The next step, of course, was to look at a copy of the original sheet music — perhaps a cover photo would reveal all. And fortunately, a copy has just recently come into my hands. Alas, no cover photo, but, sure enough, there is Fred Godfrey’s name down as one of The Three Freds. It was only when I opened the sheet music to page 2 that my crest fell. Here, Fred Godfrey becomes Fred Gregory, undoubtedly the true second Fred.
The likely explanation is that the printers must have become so used to seeing “Fred Godfrey” on the hundreds of Feldman, Star, and Francis Day & Hunter sheets they were handling each year that they became confused after already putting in “Fred Gibson” (twice!), and when they saw another “Fred G...” coming up, they typeset Godfrey’s name out of habit. It’s easy to do!
So, no humming, yodeling, or vamping Fred Godfrey. It was for others to make his songs renowned.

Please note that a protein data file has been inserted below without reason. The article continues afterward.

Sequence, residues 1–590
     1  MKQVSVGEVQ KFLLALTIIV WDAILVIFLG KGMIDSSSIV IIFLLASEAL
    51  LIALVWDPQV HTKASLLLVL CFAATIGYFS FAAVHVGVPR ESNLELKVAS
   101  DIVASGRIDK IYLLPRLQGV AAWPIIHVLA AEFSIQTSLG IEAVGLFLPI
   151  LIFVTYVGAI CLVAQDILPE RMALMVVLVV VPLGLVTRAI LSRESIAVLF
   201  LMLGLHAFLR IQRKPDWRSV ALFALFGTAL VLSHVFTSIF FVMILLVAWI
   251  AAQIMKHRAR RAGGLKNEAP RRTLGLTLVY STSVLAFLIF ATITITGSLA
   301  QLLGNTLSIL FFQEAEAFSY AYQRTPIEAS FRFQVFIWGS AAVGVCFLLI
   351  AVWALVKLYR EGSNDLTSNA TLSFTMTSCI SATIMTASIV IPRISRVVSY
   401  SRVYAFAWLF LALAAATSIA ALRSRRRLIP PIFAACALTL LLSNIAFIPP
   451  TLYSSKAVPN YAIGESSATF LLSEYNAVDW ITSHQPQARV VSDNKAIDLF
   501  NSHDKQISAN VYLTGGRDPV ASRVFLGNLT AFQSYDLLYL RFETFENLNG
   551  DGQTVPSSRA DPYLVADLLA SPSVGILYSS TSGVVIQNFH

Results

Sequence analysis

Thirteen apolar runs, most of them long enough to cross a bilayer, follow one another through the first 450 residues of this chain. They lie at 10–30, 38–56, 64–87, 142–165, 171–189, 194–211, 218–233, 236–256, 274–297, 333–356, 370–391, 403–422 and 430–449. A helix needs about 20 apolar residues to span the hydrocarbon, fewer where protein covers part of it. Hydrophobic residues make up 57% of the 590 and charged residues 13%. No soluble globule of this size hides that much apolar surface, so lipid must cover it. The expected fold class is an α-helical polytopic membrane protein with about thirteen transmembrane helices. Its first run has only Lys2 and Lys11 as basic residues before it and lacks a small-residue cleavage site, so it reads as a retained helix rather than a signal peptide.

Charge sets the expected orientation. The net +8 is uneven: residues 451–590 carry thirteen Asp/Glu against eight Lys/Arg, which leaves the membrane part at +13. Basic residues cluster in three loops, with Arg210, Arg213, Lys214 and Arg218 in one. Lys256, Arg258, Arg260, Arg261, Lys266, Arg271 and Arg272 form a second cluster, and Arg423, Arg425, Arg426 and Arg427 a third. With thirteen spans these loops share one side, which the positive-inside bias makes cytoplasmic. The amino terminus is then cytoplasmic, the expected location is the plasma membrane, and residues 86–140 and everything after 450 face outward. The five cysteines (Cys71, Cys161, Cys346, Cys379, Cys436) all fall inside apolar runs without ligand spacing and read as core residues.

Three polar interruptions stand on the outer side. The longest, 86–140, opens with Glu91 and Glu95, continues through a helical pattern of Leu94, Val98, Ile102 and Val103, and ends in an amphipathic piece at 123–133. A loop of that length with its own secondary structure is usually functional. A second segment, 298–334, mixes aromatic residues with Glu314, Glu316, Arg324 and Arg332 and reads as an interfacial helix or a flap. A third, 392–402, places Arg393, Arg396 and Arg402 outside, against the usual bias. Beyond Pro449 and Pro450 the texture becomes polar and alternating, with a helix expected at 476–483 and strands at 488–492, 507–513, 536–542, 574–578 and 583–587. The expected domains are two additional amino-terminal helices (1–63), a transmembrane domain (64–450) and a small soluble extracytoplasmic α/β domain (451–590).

Also new is the music sheet shown at left. Fed Up And Far From Home is a typical example of the “Services” songs for which Fred Godfrey became known.
Even before the outbreak of World War One, Godfrey had written songs like Ev’ry Girl Loves A Military Man! (with John P. Harrington & Orlando Powell, 1910); Why Can’t The Girls Be Soldiers? (with John Neat, 1911); and Oh! The Sailors Of The King (with Billy Williams, 1912). During the Great War came such titles as Follow The Sergeant (with A.J. Mills & Bennett Scott, 1915); Mister Sergeant Michael Donoghue (with Tom Mellor & Harry Gifford, 1915); and There’ll Be Nothing But Boys In Khaki By The Seaside (with Raphael Penso & Lawrence Wright, 1915). During the interwar years, Godfrey had a hit with Skin-A-Ma-Link The Sergeant (1931).